The Power of Intention

Dear Friends,

You could call it serendipity, but I call it intention.VGI-Logo-Stacked-Color-TransparentBkgrnd

Darian comes to the garden after school every day to work at the FarmStand. He and the other FarmStand kids sell the produce they helped grow to the neighbors. They make a little pocket cash, learn marketing skills, and understand the value of hard work. Darian takes home a bag of fresh veggies for his mother when he leaves. His family’s diet improves. His ability to focus in school increases and, unlike many of his cousins, he graduates from high school and enters college. For six months out of the year, 20 households eat fresh veggies that Darian helped grow.

Meanwhile, little JoAnn has a BLITZ garden in her front yard. She has access to all the good food she needs regardless, but when she is outside in the garden with her mother, watching the bees pollinate her tomatoes, she makes the connection between food and the urban ecology around her. When JoAnn grows up she naturally chooses to eat foods that are grown without the use of pesticcropped-img_20140904_162634.jpgides. She uses her dollars to create alternative food markets, contributing to a better world through her purchases.

Gayla walks from her house across the street from our small urban farm. When I mention that I haven’t seen her in a while, she tells me that she just got out of the hospital again. “This place is my saving grace.” She heads toward the production area with her small daughter in tow. They harvest a bag of veggies to cook for dinner.

Martha grew up on a small family farm. She recalls the day the family farm foreclosed. She was seven, and her family lost everything—including access to good, fresh food. After a lifetime of feeling the loss, Martha found our Food Leader program and began to respond. She started Gramma’s Gardens at area daycares in her hometown.

This could be serendipity. But I choose to believe that the deep intention of the good work that we do with YOUR support has made this long, otherwise unattainable string of events occur.

Research shows that people who garden eat more vegetables, are healthier and lead more productive, happier lives. Research shows that FarmRaiserneighborhoods with gardens have less violence and increased civic engagement. Research shows that kids who grow up gardening with a mentor have a stronger environmental ethic and are more likely to engage in land stewardship as an adult. Research shows that children who grow up eating home-grown vegetables are more likely to foster a local economy.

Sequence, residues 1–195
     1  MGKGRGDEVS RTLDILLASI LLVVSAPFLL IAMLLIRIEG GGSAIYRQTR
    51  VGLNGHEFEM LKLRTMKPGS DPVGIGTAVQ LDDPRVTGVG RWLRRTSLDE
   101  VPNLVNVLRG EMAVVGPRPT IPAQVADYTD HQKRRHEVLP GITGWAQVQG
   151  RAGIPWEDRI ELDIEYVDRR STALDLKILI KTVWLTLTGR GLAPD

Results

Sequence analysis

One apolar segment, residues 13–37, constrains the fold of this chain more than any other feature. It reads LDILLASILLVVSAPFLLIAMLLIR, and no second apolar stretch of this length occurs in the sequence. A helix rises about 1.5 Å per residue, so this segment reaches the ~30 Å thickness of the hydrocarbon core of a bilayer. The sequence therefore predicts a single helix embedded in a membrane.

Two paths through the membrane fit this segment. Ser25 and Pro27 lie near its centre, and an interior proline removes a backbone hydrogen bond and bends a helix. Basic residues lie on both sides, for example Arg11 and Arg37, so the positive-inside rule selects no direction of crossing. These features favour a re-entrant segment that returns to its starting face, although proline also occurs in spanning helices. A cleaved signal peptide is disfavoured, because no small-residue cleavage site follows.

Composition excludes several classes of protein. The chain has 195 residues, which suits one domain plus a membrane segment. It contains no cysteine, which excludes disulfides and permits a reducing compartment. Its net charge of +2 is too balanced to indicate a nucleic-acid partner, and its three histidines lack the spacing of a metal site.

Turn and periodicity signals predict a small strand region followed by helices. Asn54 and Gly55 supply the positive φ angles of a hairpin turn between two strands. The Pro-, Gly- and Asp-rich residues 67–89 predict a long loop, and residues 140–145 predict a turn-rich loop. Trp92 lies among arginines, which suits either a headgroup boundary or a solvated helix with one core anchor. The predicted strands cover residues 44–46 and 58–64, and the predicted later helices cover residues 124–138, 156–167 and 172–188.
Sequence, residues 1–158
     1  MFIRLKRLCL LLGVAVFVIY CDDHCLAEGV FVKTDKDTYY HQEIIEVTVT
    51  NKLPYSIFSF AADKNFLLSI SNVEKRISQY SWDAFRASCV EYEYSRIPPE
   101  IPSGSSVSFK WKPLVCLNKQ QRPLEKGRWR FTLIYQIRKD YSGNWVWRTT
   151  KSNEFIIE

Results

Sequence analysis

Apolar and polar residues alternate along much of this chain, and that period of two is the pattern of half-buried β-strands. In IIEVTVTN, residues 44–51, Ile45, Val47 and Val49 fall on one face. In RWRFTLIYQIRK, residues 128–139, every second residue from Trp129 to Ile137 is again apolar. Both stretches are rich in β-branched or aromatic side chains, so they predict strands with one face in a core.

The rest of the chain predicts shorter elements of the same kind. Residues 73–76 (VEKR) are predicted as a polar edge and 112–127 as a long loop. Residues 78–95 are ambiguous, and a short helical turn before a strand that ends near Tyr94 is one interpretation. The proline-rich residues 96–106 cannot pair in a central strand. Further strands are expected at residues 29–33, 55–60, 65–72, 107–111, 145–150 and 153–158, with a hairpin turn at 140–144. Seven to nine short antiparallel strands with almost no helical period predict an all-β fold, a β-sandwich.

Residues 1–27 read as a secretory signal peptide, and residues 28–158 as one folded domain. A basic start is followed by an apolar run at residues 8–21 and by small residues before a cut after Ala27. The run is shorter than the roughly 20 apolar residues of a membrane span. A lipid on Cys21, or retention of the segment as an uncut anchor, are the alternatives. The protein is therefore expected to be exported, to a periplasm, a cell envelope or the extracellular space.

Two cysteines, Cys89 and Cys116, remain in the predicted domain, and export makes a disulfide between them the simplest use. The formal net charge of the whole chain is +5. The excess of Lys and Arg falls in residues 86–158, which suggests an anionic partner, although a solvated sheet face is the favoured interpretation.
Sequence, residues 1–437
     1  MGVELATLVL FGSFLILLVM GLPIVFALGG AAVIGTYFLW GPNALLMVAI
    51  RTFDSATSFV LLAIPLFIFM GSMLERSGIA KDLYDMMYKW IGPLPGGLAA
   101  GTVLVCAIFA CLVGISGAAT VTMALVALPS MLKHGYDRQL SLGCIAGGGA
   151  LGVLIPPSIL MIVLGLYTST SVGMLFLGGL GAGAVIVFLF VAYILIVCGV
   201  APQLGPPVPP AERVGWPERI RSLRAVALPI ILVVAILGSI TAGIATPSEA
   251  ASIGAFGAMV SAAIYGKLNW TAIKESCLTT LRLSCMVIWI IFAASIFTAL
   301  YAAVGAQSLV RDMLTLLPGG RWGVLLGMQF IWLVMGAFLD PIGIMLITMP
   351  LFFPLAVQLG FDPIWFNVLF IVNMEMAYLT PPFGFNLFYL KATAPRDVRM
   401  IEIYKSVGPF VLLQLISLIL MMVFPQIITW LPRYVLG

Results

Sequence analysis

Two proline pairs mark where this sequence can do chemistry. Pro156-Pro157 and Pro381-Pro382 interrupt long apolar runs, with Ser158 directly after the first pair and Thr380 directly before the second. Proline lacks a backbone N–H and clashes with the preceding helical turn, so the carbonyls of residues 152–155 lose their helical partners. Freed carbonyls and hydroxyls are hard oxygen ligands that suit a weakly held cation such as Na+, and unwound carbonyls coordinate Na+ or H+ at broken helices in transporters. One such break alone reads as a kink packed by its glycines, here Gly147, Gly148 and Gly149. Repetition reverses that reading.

The only luck in this game, is that somehow, some way, we had a chance to share our mission with you.

Our goal this year is $30,000. The Herzfeld Foundation has offered us a $20,000 match in support of the youth education work we do at Concordia Gardens for a total of $50,000!

With intention, contribute to our work this year. We can foster serendipitous happenings all over Milwaukee by helping this community grow its own food.

Your intentions will multiply with every gardener.

~gretchen

PS: Today, we are thrilled to launch our first-ever text-to-donate service. To support this mission, text VICTORY to 27722 and follow the prompts to donate—and you might just be the first!  

PPS: I thought you would enjoy hearing from some more of the people we work with. Your support means the world to us.

“The work all of you do every day is inspiring and gives me hope for the future, as a lifelong resident of the inner city neighborhoods, which often receive harsh misunderstanding or a lack of attention altogether by so many other Wisconsin communities. Thank you for your example of going above and beyond your fair share of work.”

–       Gillian M., volunteer

 

“This event did more than train us on how to build garden boxes….it also helped us to build our sense of community by building a network of urban farmers that are growing their own food and working together to become a healthier and more self-sufficient, food-independent community. Thanks to VGI we have plowed the ground and planted seeds of good food for good health for so many Green Bay children and families.”

–       Kim D., Green Bay BLITZ Your Town! trainee

 

“VGI gave me the courage to stand in my own truth as a consumer, a community member, and most importantly as a leader in the food system. Moreover, VGI has served as a model for the development of Grow It Forward, the food-based project I lead.”

–        Amber D., Food Leader

 

“The garden really changed my life for the better. Last year, when I came out of the hospital, I had a stroke, and I wasn’t doing well both mentally and physically. My life just changed. If I go over there, I can actually feel God’s presence.”

–        Gainon E., Concordia Gardens neighbor

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